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Can 'good Jews' marry out?

I've gotten a bit fed up with a lot of the rhetoric in the Judeosphere about intermarriage, even the rhetoric coming from the people who are officially nice to use. I guess my real problem is that no matter how accurate the model may be for the majority of interfaith families, it really doesn't fit the reality of most of the Jews I know in interfaith relationship, including my own.

First of all, anything specifically for interfaith families is classified as 'outreach'. This gives an impression like this:

If anything catering to interfaith families is 'outreach' it implies that all interfaith families must be 'outside' of the group of Jews who are inside the fold of good, involved Jews. This just doesn't match my experience of Jews in interfaith relationships. Obviously there's sampling bias, I know most of my Jewish friends through religious activities so obviously all of my Jewish friends are more likely to be religiously involved, but still, it proves we exist. Does it make sense to talk about outreach to the girl who organised the J-soc ball and ran the J-soc kitchen for a year? I also don't think that my friends are as aberrant as most people think. One of my friends claims that about half the regulars at my shul are in interfaith families. I don't know because you can't tell with most people. In terms of synagogue attendance, there doesn't seem to be much difference between interfaith families and single faith families. One thing I have noticed is that I don't think that the families who are involved in the running of the shul, the people on the important committees, are in interfaith relationships. This could be my imagination and lack of knowledge but I think it's the case.

This would match my feeling about the situation of interfaith families in Jewish communities. It is really easy in non-Orthodox communities to be an ordinary active Jew in an interfaith relationship. There are enough of us that the stigma can't persist at a level which is high enough to keep us out of shul. However, if you want to move on to take any kind of leadership position in the Jewish community, the stigma surrounding having a non-Jewish spouse will start to be enough to be a barrier. Sometimes this barrier is explicit. There are no rabbinic colleges which would accept a student with a non-Jewish partner. You can be as shomer kashrut, as shomer shabbat as you like, but if you're married to a shiksa there's no place for you. I have had conversations with women who want to be shomer niddar but are terrified that they will be found out as having a non-Jewish husband and excluded from the mikvah. This isn't a baseless fear as I've also heard of women actually being excluded from a mikvah because their husband isn't Jewish. I think a more subtle internalized pressure exists in other realms, that if you tried to enter leadership positions in Jewish institutions you'd be getting above your place. I don't know if this is my imagination, but it seems far more of a barrier to Jewish involvement than the inherent difficulties of managing a household which contains more than one faith.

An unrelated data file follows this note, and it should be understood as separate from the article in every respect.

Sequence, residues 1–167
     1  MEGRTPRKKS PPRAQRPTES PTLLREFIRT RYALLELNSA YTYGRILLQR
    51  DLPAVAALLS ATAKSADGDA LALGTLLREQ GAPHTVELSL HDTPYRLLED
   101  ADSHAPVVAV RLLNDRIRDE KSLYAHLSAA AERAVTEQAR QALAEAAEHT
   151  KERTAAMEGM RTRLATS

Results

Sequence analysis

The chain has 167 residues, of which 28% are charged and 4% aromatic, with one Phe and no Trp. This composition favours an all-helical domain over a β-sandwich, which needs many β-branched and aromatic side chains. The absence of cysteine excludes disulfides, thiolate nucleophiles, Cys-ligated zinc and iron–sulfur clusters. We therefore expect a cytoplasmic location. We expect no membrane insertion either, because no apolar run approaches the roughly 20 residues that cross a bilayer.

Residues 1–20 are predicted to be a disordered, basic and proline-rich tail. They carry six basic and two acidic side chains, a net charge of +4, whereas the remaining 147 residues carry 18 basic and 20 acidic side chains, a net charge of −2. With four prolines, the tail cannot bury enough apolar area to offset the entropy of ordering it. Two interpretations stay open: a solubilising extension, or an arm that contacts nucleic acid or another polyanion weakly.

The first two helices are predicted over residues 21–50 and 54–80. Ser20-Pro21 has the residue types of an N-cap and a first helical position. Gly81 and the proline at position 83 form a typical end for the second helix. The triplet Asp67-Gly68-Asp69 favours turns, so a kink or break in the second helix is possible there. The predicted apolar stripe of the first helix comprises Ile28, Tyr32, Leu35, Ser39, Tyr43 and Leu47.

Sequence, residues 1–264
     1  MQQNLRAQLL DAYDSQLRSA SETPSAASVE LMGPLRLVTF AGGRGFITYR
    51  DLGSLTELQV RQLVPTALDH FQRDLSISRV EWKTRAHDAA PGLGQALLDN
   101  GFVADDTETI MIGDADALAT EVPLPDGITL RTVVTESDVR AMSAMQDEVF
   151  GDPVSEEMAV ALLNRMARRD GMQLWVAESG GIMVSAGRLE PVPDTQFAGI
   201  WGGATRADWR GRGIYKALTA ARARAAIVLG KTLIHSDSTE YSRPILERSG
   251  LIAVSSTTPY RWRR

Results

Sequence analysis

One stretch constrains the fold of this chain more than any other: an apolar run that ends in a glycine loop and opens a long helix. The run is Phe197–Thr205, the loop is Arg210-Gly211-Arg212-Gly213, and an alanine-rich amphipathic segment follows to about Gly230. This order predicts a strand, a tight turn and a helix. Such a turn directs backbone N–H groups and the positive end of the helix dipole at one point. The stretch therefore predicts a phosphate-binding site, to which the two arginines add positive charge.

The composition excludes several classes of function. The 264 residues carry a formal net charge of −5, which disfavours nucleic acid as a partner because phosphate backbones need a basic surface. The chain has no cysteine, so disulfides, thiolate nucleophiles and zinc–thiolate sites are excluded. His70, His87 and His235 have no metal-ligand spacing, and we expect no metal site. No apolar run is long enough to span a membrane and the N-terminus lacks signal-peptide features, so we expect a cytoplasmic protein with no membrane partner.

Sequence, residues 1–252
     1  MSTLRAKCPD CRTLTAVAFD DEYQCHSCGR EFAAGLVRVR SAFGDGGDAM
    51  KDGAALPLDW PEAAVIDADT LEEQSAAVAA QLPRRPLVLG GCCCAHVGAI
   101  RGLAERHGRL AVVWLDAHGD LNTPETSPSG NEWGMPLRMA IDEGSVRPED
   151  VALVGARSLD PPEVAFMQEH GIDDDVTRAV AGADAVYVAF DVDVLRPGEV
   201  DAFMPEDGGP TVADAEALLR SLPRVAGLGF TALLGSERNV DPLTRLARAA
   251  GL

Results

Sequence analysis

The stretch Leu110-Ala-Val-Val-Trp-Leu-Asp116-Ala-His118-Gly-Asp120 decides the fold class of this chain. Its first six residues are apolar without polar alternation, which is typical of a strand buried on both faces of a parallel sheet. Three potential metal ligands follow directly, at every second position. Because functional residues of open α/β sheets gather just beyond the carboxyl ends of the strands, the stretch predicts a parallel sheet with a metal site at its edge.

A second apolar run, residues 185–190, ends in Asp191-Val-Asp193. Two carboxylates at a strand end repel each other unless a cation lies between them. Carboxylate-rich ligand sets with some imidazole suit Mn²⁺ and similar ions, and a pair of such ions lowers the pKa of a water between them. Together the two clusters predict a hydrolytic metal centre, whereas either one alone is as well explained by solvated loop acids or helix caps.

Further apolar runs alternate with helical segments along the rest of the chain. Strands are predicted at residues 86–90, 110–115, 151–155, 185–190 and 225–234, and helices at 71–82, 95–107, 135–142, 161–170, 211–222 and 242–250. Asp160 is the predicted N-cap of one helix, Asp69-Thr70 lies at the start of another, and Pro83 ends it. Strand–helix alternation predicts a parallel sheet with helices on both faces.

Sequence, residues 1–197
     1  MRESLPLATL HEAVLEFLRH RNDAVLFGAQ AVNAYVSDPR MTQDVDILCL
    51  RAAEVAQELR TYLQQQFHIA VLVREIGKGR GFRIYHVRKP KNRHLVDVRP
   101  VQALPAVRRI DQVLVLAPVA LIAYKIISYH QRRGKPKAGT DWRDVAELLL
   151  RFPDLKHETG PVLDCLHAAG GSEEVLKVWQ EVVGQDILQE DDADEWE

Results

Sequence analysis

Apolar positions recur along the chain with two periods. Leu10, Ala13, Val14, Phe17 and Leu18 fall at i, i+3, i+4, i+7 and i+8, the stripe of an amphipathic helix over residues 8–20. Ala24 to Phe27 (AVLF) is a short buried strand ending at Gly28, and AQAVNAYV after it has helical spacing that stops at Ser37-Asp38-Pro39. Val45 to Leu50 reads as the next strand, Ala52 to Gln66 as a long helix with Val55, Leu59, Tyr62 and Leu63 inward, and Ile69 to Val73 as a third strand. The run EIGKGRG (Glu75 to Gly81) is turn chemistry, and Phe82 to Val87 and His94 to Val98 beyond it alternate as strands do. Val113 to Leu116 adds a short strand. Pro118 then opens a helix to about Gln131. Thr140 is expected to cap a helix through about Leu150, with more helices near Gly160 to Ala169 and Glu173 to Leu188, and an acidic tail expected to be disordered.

I think that this leads to a sort of circular logic in relationship to interfaith families. Jews in interfaith relationships are seen as not as committed to Judaism and this is proven by looking around the Jewish leadership and seeing the lack of intermarried Jews. This impression can then be used to exclude intermarried Jews from those positions of leadership because marrying a Jew is used as a shibboleth of whether you're a committed Jew. Referring to all worked targeted at interfaith families as 'outreach' only reinforces this exclusionary meme.

So what do I want? I want Jewish institutions to accept the fact that there are good, involved committed Jews who are married to non-Jews and the how the way in which they frame including interfaith families in Jewish communities actually has exclusionary effects upon these Jews. I want the dialogue of how to live as interfaith families to move on from just 'the December Dilemma' and conversion. Jews are living rich authentic observant lives in interfaith families and the rest of the Jewish community isn't providing what they need because it isn't talking about hot to practice family purity when one partner isn't Jewish, it isn't talking about how shabbat and Pesach when one person in a family isn't obligated, it isn't talking about what mitzvot a non-Jewish father can help his Jewish children to observe, it isn't talking about halachic frameworks for acknowledging interfaith marriages. Ultimately I want not marrying a non-Jew to stop being the ultimate test of whether someone is a good Jew. I'm happy for rabbinic colleges to look favourably upon intramarriage but I want them to treat it the same as other mitzvot, the practice of which aren't an automatic deciding factor. Today, people don't marry out because they aren't committed to Judaism, they marry out because they fall in love with a non-Jew and they don't think that intermarriage is an ultimate taboo and they've seen happy interfaith families, so on the balance of things they go with their heart and try to work out a way in which their love for their spouse and their religion can coexist.


( 18 comments — Leave a comment )
Mar. 16th, 2009 11:55 am (UTC)
I agree with you on everything. I also resent the circular argument often used in orthodoxy: Do not marry out because the halachic status of your children will be questionable - poor them. However, if your halachic status is questionable because your parents married out, we don't care about you - you're not Jewish.

This is the crux of it - understanding and sympathy. Jews who marry Jews are not necessarily virtuous - they might well be *lucky* that their soulmate is a Jew and I think a lot of them somehow believe that breaking up with a non-Jewish spouse would be easy to do (?!?!) if they were in that situation. And the Jewish community has a huge responsibility to the children of interfaith marriages.

At the end of the day, we've tried ostricisation as a 'cure' for intermarriage for a long time. Rates are going up and numbers in the Jewish community are declining. We need to wise up.

Rant over....
Mar. 16th, 2009 12:10 pm (UTC)
Go you.